As Singapore prepares to welcome universal healthcare at the end of the year, it is essential to remember the three basic tenets of a comprehensive, holistic healthcare system: universality without consideration of pre-conditions (risk sharing), financial contribution from all participants from cradle to grave (annuity payments) and a single payer system for the best control of healthcare costs.
With MediShield Life, Singapore would have adopted the first two of these concepts, but will not have fully implemented one of the most important - cost control.
This issue was recently highlighted by the high-level MediShield Life Review Committee, which suggested, as one of its major recommendations, cost management efforts to keep a lid on payouts ("IP insurers should pass on savings to consumers"; June 30).
Unfortunately, given the complexity of modern healthcare, with an ever-increasing battery of expensive tests and medicine, even countries with a single payer system, such as Canada, Britain and France, are struggling to rein in increasing costs, putting a strain on these well-tested systems.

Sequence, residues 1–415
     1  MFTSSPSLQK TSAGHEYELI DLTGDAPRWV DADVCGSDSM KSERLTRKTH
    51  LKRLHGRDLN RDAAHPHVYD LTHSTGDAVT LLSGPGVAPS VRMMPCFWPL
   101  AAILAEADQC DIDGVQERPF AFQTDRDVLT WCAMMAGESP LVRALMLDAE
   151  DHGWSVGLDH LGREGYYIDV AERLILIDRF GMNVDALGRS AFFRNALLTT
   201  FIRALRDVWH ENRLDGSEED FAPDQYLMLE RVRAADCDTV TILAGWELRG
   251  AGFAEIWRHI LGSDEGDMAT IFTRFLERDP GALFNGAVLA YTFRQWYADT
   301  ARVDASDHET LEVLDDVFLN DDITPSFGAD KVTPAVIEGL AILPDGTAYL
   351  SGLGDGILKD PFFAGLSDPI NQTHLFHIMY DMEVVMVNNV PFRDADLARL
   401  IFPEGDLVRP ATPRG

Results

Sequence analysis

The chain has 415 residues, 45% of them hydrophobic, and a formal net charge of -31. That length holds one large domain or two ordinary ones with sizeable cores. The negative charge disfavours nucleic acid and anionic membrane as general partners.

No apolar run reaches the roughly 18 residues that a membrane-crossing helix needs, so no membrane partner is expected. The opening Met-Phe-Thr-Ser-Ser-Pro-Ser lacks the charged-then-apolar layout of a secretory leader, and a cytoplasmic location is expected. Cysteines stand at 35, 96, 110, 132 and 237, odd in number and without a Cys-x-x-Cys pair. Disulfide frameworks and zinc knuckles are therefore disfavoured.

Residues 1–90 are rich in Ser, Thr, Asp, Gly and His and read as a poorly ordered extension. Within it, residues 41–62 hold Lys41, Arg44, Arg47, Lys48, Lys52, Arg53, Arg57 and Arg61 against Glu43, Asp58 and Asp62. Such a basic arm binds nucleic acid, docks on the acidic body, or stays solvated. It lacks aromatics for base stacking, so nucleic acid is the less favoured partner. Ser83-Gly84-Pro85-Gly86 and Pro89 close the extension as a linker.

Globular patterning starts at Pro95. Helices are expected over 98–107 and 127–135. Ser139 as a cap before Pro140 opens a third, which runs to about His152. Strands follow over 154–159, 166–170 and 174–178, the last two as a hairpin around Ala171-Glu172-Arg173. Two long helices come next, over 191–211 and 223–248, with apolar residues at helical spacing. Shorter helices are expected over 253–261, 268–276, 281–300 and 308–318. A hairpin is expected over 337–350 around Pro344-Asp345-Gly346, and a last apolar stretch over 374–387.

At the extreme opposite end of the healthcare spectrum, as defined by these pragmatic, basically well-functioning systems, is the United States, which is experiencing cost increases of up to 25 per cent a year (even with Obamacare), as it struggles with a complex public-private service culture and the toxic cocktail of ever-rising costs that such an undisciplined system produces.
Given the Singapore Government's need to keep MediShield Life premiums reasonable, both now and in the future, and thus healthcare costs in check, following the American path is not an option.
Even the annual 12 per cent to 17 per cent increases in premiums mentioned in the June 30 commentary are unsustainable, and would prove a severe test for a system known for providing high-quality care at a reasonable price.
As the country enters this bold, new, universal healthcare domain, it is better to keep the genie of healthcare costs in the bottle, than to try to deal with them when they inevitably establish a trajectory that is unsustainable.
David F. Grant